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  1. #11

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    Quote Originally Posted by nzeeman
    tomorrow ill go to a photo market and i want to buy some old slr. can u tell me what manufacturer or model is the best. i dont have a lot money to spend also.
    thanks in advance for ur answers
    Well, I'm a Nikon bigot. But the truth is that there are so many brands of SLR camera because not one of them was enough better than the others to drive them out of the marketplace. They all have good lenses.

    I've shot, one time or another, a variety of "old" 35 mm SLRs. Various Nikons, Canons, Minoltas, Olympus, Yashicas. Some felt good in my hand and against my face, others didn't. When you're in the market, try out as many as you can to find out which fits your hand and face well enough. Example, my paws are too big for me to be comfortable with, say, a Pentax ME.

    Don't think you have to buy a camera at the show. Show vendors can be hard to track down, don't always give warranties. Use the show to learn what fits you, then to to KEH (www.keh.com) to buy. They grade conservatively, stand behind their wares. And their prices are pretty competitive, especially when you factor in the warranty.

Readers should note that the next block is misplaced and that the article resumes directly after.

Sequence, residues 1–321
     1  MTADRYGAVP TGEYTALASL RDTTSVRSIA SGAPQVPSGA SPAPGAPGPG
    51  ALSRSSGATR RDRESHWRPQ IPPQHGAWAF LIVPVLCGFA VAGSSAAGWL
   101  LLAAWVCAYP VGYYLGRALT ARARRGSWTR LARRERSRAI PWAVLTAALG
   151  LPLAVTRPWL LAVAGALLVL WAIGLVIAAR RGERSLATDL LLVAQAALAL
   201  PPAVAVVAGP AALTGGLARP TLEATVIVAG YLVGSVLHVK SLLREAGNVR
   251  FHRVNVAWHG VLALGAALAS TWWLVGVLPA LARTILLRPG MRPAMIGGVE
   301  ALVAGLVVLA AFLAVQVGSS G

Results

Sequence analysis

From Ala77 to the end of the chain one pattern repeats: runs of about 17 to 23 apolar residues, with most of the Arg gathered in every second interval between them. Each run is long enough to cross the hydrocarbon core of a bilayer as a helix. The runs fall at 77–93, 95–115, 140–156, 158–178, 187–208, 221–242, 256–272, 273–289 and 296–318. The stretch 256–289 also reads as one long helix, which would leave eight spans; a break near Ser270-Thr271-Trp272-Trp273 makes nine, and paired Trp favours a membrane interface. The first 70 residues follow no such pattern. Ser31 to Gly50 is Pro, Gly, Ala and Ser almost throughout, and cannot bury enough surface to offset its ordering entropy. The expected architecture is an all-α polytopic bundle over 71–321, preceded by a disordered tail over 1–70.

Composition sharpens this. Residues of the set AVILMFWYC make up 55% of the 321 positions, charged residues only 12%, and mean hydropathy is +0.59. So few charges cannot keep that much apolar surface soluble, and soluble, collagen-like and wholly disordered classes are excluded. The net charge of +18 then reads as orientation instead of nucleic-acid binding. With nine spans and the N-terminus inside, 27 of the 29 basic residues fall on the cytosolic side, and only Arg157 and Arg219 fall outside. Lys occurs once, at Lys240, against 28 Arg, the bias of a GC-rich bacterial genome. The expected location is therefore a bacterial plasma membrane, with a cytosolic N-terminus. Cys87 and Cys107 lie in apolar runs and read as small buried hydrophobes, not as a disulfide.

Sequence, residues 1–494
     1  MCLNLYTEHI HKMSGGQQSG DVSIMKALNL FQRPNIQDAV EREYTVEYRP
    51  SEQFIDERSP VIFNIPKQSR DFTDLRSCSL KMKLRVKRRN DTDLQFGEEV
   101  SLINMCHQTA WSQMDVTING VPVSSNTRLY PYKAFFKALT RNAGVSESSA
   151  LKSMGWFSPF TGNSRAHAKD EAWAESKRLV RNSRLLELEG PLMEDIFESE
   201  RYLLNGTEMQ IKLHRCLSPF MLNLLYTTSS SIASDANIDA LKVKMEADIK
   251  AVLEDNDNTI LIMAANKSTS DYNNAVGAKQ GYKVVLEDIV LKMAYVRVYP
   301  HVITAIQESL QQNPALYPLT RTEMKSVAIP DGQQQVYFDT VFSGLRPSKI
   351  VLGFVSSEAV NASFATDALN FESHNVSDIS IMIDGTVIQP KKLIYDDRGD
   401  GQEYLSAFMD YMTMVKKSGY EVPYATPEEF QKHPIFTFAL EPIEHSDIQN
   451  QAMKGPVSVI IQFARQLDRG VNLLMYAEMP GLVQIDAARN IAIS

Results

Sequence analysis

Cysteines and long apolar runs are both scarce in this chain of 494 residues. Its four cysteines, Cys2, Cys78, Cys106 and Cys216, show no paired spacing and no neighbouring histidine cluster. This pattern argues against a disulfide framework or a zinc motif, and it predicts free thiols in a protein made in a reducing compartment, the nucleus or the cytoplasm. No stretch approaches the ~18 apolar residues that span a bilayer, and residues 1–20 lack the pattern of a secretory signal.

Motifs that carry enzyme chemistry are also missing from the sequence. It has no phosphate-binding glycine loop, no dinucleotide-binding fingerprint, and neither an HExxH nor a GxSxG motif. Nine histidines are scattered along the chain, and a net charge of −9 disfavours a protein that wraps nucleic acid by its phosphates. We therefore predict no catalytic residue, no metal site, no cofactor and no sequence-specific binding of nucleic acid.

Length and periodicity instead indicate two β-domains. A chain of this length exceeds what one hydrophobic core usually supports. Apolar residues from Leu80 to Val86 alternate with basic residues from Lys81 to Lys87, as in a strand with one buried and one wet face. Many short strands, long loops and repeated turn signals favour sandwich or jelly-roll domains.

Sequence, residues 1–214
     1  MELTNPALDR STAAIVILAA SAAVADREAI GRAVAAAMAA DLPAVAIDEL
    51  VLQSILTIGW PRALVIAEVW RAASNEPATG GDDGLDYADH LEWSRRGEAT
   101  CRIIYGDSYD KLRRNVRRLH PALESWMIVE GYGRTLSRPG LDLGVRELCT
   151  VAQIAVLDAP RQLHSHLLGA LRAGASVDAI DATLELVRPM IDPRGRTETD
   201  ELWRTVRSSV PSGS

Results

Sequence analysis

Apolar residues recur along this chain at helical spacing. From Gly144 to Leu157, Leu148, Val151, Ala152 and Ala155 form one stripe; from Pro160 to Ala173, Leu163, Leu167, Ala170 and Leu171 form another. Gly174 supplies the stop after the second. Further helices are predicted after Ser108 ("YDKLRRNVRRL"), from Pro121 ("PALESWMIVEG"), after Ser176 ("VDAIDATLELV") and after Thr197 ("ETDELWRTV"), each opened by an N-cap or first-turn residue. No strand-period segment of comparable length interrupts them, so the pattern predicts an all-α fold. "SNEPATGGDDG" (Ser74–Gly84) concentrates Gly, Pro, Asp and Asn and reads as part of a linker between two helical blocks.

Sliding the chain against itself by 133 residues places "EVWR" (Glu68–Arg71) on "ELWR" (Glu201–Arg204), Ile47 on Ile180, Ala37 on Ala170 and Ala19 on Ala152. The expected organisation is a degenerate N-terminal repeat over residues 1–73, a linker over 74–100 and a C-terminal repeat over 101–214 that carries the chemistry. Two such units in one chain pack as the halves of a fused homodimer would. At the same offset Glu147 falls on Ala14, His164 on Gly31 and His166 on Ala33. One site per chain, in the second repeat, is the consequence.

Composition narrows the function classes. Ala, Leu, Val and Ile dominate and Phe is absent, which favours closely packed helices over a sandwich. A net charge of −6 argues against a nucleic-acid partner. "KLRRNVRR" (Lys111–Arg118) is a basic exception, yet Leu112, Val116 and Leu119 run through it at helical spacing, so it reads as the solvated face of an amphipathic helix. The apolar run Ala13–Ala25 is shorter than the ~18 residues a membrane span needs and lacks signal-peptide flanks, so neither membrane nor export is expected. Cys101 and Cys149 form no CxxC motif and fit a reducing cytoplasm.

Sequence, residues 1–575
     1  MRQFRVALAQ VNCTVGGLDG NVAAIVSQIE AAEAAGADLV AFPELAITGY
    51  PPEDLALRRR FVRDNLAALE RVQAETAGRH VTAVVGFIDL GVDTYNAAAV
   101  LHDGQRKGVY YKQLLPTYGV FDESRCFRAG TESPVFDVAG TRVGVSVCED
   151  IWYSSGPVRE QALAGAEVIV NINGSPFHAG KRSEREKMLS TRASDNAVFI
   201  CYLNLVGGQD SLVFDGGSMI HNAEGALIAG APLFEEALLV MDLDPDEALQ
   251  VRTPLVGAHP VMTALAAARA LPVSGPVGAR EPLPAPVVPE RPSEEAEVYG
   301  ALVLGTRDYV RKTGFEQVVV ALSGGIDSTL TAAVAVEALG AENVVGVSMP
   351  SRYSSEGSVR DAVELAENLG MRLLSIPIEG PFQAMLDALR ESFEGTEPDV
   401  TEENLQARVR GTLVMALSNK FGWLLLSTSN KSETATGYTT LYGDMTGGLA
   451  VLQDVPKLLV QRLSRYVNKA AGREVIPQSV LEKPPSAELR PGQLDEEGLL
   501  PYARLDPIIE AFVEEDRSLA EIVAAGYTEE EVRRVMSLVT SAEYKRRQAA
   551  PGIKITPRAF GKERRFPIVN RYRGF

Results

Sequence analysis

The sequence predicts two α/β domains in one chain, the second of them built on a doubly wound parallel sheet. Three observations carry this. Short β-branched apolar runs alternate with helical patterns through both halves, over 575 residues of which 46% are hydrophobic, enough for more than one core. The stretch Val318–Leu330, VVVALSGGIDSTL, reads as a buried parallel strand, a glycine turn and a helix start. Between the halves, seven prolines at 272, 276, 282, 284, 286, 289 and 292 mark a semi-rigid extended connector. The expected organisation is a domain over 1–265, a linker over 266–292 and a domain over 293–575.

Don't forget the first law of flea markets: If you don't know the goods and prices, don't buy.

    Cameras to avoid? I began with a Nikkormat, have fond memories of it, but variable resistors for the meter are now unobtainable. Nikon Fs are very fine, but again the metered prisms can't always be repaired. If you're going to use a hand-held meter, no problem, otherwise not such a good idea. Anything but, in alphabetical order, Canon; Minolta; Nikon; Olympus OM; and Pentax, preferably K mount. Nothing else is remotely as well-supported. Don't even think about getting anything from the former USSR or either Germany.

    On the whole I like SatinSnow's suggestion. Minolta SRTs are solid, lenses to fit them are good. If I hadn't gone Nikon back when, I might have gone that way.

    Good luck, have fun,

    Dan

  2. #12

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    Also be aware that many older SLRs cameras were designed to use 1.35v mercury batteries that are no longer available. These include many fine SLRs including the Minolta SRT series, Pentax Spotmatics, and Nikormats (FT2 and earlier). There are effective workarounds, but you should be aware of, and comfortable with, what needs to be done.

  3. #13

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    Among used gear, condition is at least as important as the brand, at least in terms of reliability and likelihood of encountering problems. I'd rather have a Zenit in perfect condition than a Nikon that's falling apart. If you're going to a camera show or used (real-world) marketplace, that means you can handle the cameras. Look for things like loose parts, sticky shutters, a bad "feel" to actions like advancing the film, or anything that doesn't work the way you expect it to work. Be sure you can return the camera, and run a roll of film through it ASAP. Test all shutter speeds and features in this roll.